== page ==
It was supposed to be a quick in-and-out job. I only needed some fruit. Nothing fancy. Some bananas, some apples. Maybe grapes if they were on offer. A simple trip.

Until I saw the blueberries.

The ripe, purple-blue, bubbles gleamed at me. I was expertly juggling my wares with both hands when they caught my eye. I approached the display and let the cool chill of the open front fridge drift over me. The neat little packages waited expectantly, expertly stacked on top of one another. I reached out to pluck one of the squares from the pile.

It was too much.

Rather than let my balanced selections drop to the floor, I felt the punnet of blueberries slide between my fingers. In seeming slow motion, they hit the floor and quickly dispersed to all corners of the surrounding area. To freedom. I held my breath until the very last one had stopped its hasty spin away from me. I looked down at the small pile still gathered by the toe of my shoe.

My mind slipped slide ways to a hidden memory.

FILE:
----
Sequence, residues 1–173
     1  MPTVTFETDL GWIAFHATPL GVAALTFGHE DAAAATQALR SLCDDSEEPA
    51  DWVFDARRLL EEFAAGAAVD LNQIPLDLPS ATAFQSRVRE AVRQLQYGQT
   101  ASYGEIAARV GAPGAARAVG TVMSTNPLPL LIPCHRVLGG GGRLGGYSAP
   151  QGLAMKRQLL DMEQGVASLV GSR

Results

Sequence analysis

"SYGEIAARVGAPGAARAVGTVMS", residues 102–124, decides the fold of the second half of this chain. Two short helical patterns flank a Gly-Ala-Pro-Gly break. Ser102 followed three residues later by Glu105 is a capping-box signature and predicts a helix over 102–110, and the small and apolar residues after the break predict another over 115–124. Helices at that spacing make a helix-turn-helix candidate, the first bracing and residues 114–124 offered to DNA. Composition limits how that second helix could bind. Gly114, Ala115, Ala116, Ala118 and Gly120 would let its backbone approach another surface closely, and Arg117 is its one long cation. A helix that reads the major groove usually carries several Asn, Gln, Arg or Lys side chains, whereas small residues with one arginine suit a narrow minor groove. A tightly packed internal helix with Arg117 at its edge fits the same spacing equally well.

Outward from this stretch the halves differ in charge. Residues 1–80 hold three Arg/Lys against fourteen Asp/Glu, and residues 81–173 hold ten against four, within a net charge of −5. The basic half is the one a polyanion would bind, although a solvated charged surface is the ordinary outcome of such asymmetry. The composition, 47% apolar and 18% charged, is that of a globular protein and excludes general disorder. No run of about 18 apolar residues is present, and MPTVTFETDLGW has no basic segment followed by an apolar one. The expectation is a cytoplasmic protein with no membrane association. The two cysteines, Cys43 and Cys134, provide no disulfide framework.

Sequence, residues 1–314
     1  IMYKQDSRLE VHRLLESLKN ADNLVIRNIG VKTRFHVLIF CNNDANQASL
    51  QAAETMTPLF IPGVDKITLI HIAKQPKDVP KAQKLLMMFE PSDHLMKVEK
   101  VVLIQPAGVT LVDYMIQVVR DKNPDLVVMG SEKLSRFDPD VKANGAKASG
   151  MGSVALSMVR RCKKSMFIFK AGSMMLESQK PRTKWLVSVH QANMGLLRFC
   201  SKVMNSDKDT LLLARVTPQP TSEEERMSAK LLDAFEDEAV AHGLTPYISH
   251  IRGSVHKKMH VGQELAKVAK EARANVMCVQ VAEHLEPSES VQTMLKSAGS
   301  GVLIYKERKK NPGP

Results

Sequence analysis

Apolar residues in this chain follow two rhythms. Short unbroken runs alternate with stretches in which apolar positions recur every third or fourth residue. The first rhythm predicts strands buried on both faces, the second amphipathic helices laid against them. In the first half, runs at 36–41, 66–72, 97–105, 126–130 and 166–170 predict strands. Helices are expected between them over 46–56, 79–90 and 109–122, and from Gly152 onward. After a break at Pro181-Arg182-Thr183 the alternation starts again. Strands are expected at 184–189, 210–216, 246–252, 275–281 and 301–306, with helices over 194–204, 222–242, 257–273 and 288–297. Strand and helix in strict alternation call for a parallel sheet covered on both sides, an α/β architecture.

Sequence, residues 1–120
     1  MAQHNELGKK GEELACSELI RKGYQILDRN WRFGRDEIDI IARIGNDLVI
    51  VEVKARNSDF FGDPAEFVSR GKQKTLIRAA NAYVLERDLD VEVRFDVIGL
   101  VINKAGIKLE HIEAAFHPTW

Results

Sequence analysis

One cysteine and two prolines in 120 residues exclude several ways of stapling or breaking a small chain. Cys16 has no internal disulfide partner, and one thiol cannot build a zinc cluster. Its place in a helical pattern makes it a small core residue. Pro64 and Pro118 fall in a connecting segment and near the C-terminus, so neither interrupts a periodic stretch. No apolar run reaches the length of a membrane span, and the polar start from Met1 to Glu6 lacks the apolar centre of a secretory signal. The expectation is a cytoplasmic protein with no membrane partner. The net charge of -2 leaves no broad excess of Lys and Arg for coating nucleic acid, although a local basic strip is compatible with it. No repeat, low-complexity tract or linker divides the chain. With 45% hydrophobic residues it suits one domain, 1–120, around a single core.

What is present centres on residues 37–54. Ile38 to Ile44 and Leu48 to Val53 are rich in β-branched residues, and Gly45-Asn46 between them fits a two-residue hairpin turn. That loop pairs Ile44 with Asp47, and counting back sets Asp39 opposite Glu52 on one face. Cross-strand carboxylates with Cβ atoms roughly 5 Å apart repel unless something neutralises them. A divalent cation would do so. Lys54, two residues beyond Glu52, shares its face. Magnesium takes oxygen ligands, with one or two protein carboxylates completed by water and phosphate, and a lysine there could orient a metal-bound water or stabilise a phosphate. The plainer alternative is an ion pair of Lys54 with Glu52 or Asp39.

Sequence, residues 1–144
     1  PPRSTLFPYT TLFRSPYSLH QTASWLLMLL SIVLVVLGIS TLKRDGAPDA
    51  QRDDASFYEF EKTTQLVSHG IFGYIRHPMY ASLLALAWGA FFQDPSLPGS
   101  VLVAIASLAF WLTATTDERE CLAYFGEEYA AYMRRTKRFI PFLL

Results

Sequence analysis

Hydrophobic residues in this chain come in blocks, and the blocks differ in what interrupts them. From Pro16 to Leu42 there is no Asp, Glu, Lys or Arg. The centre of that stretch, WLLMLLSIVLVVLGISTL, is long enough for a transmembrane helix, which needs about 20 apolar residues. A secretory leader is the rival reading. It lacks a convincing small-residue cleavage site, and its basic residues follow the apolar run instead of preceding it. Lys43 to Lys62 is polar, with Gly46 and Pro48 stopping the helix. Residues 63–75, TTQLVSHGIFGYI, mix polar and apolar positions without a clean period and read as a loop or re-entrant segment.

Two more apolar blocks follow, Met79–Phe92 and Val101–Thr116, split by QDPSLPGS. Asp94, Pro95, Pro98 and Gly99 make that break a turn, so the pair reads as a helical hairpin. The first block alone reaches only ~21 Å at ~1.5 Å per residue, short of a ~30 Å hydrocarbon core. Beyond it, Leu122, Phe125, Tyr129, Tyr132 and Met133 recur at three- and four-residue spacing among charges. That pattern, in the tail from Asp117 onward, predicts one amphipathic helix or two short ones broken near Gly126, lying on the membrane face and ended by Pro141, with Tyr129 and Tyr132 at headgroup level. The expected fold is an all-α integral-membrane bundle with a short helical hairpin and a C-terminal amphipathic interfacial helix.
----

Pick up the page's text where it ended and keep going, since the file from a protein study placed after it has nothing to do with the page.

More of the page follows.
Walking to school, hand held fast by my mother, the bright red berries of an unknown tree scattered on the path in front of us. My mother stopped and looked down at them. I looked up at her. Slowly, cautiously, she reached out her shoe, bringing it down purposely, squishing one berry, then a second. Orange pulp and juice fanned out from under her triumphant foot. She looked at me and smiled. Without a word, we began to stomp and stamp and squish the remaining berries. Together. Hand in hand.

As we walked away she breathed a sigh of relief. ‘That feels better’, she said to no one in particular.

Back in the store the events of the morning turn somersaults in mind. No staff member has arrived to assist me in my moment of need. I can’t take my eyes from the glistening globules on the floor.

Slowly, cautiously, I reach out the toe of my shoe.

Elaine Mead is a writer from London, currently residing in Hobart, Tasmania. Her flash fiction and short stories have been published with Reflex Press, National Flash Fiction Day, Writers HQ, The Suburban Review, Underground Writers and others.

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Every Day Fiction